Thursday, January 24, 2013

Lenses, Filters and Mirrors

The way is shut-It was made by those who are Dead-And the Dead keep it
(A quick disclaimer; I am not talking about things like F-stops, focus pulling and glare angles. Instead, I am using terms like those in the title of this blog in the metaphorical sense.)

So, over the winter break I got a chance to go and see "The Hobbit" in the theater. I (unlike a lot of professional reviewers) really enjoyed the film, but ironically among all those trolls, dwarfs, wizards and elves the thing that stuck out most in my mind was Goblin Town. Not because of the goblins, or even their fleshy bearded king. Rather it was the look of underground lair that stuck with me most of all. It felt almost identical to an area known as Blighttown in Dark Souls. It's interesting to think that both of the Souls games borrowed a lot of concepts and themes from Tolkien's writings, and now those themes are being reflected back into movie adaptations of his works.

Japanese interpretations of American films in video game format is hardly anything new. Need I point out the rather obvious similarities to early Metal Gear titles and "Rambo"? Metroid co-director, Yoshio Sakamoto, freely admits that he was heavily inspired by the first "Alien" film. Themes of isolation and H.R. Giger inspired enemies not withstanding, the fact that Samus is woman owes a lot to Direct Ridley Scott's decision to cast a female for the role of Ripley. To me it has always been interesting to see these adaptations of cultural media, since it has led to some of the best franchises in the history video games. However, it gets even more fascinating when things go the other way.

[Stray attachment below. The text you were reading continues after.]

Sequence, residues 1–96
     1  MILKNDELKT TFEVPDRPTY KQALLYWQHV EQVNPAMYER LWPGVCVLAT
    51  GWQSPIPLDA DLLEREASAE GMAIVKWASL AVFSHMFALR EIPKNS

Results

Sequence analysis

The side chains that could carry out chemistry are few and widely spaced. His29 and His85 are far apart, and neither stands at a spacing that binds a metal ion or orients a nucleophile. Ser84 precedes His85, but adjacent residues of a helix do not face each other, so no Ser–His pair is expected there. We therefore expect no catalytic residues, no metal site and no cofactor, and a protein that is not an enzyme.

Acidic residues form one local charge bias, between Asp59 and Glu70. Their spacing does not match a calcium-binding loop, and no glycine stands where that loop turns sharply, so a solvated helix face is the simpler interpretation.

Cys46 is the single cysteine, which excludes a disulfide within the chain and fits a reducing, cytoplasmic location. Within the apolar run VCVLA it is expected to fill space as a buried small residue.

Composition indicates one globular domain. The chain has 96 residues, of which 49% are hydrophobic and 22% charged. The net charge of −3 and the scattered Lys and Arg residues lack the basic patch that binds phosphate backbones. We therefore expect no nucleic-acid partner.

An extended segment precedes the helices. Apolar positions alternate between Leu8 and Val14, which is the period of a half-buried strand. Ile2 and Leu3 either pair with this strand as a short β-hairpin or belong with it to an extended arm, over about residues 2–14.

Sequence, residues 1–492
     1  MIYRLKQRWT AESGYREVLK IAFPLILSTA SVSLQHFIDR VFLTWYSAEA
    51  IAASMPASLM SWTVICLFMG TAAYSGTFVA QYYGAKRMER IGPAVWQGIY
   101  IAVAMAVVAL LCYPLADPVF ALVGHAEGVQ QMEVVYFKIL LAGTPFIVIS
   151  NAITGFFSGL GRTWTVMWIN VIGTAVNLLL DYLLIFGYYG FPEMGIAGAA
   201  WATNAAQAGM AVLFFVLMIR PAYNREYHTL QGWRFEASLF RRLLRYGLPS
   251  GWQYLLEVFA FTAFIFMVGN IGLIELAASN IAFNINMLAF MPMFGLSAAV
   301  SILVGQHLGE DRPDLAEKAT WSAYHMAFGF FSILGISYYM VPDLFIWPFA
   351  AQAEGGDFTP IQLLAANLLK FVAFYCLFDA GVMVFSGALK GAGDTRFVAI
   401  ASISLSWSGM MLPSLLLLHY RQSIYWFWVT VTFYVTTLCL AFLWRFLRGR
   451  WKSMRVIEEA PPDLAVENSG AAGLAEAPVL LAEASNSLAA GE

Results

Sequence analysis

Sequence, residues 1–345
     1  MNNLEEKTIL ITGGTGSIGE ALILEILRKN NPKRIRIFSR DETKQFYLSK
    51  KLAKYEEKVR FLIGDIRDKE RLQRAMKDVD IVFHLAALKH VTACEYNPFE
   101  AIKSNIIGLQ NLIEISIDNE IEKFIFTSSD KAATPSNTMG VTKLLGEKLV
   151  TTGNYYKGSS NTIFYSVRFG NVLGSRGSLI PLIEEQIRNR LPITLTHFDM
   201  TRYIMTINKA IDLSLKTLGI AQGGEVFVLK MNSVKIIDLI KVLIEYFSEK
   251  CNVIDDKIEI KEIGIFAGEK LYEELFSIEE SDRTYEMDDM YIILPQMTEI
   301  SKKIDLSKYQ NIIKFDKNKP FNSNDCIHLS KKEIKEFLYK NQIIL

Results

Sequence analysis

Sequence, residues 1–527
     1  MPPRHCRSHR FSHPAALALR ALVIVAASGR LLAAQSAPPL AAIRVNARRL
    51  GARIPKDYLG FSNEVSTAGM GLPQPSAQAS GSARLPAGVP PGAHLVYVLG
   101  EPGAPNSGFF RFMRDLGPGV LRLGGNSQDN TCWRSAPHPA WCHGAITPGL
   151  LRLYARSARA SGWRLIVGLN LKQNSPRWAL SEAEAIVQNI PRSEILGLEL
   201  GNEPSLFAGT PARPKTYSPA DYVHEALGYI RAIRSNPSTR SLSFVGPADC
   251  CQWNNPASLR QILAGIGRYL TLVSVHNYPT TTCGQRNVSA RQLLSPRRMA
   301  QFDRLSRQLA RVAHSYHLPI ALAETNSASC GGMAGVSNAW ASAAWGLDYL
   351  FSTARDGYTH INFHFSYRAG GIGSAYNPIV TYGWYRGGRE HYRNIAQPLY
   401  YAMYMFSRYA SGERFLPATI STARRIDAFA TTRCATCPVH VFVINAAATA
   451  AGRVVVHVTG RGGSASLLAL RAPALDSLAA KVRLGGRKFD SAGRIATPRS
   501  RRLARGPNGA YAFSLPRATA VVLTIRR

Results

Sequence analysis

Samurai/Westerns are nothing new in the world of cinema, as are Americanized versions of Japanese horror films such as "The Ring," "Dark Water" and "The Grudge."  But since we're talking about video games lets touch on F.E.A.R. (First Encounter Assault Recon). To say F.E.A.R. was influenced by "Ringu" would be stating the obvious, but what many people don't realize is a large number of other Japanese films also influenced the developers. J-horror film "Retribution" is probably the most obvious example with it's ubiquitous revenge driven ghost girl in a red dress. Then there is also the anime "Akira," along with various Asian action films that made heavy use of bullet-time long before "The Matrix."

Quantum Theory on the other hand just sucks.
While it might feel like one culture is ripping off from another. I happen to enjoy these reworkings simply because it acts as a means of seeing our own media from the perspective of an outsider. Plus, it often creates a very unique and memorable experiences in the process. And as I'm sure we can all agree the video game industry isn't exactly busting at the seams with originality. So keep this kind of thing coming, I say. Because it has a proven track record for doing far more good than ill.

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